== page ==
Praised for its beautiful acoustics, the main hall of the Concertgebouw in Amsterdam is one of the most famous concert halls in the world, says Jan Dieters.
This privately funded building was completed in 1888, and for over a century has been the classical music centre of the Netherlands. In 2001 we counted over 830,000 visitors for over 800 performances, including over 55,000 children and young people up to 27 years of age. For the youngest amongst them, highly successful children?s concerts are organised on Saturday and Sunday afternoons, and those a little older feel particularly at home at the less formal Summer Concerts and the Sunday Morning Concerts. Entrée, the Society for the Young Audience of the Concertgebouw and the Royal Concertgebouw Orchestra, also organises a number of special activities and events for children and young people.
In all of these activities, parents play a crucial role. Without their initiative, children would find it hard to visit this historic building and listen to the beautiful music. In part due to a lack of funding, schools find it increasingly difficult to ensure that culture (and specifically classical music) is given a serious position in the curriculum. An even greater number of children are growing up in a world in which they are unable to become acquainted with the rich cultural heritage that is present in the Netherlands. A lack of knowledge then results in a lack of affection.
The Concertgebouw wants to create a venue where all children and young people can experience the very best that music has to offer. Rather than waiting for a government initiative, we chose to take steps to further develop new audiences for the future. To this end, we have recently put together a special educational programme in which, within the context of their regular education, children and young people can sample and enjoy our musical programme. The education programme is a reflection of our broad programming: not only is classical music offered, but also world music, jazz and contemporary music. It is constructed in co-operation with other cultural initiatives (orchestras, ensembles, museums, theatres and so on) and always in conjunction with educational specialists.
While they are at school there are four occasions when pupils can visit the Concertgebouw: during the first and second halves of their primary education, and during the first and second halves of their secondary education. There are large-scale projects in which all the members of a particular group or class can participate free of charge, and there are projects for schools with a special interest in culture. This structure makes it not only possible to focus on special age groups and their different levels of development but also on the different levels of development within an age group. It further promotes cultural participation by children from completely different backgrounds. With a view to ensuring that pupils receive the best possible preparation before their visit to the Concertgebouw, educational material or workshops are specially developed for all projects ? pupils are actively involved, sometimes by just singing a song or playing music from a score or playing together with professional musicians, and in some projects they actually compose and perform their own music.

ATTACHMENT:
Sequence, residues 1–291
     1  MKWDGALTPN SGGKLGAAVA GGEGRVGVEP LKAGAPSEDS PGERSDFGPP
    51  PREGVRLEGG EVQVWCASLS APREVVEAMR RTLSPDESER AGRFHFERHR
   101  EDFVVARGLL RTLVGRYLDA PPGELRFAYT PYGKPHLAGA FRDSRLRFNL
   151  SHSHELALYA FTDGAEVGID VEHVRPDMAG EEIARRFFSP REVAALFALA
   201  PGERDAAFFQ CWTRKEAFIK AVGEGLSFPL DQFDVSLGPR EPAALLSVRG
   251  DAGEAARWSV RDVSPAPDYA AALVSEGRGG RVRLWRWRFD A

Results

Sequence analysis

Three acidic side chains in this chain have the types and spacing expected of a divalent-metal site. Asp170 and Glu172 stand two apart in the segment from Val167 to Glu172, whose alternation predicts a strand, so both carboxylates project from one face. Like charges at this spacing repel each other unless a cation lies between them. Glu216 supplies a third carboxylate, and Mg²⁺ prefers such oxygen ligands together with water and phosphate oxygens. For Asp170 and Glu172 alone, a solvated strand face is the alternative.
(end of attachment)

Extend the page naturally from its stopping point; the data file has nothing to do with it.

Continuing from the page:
The educational programme was introduced during the school season 2001?02 and more than 16,000 pupils and teachers visited the Concertgebouw. After each project evaluation forms were sent to the schools to improve the programmes for the next season when over 20,000 youngsters are expected.
The programme is largely made possible with the financial aid from private citizens and private foundations. Only 25% of our annual education budget of £500,000 is funded by the government, which reflects the tradition of the Concertgebouws? private support system.
Jan H M Dieters is Director of Fundraising and Education at the Concertgebouw.
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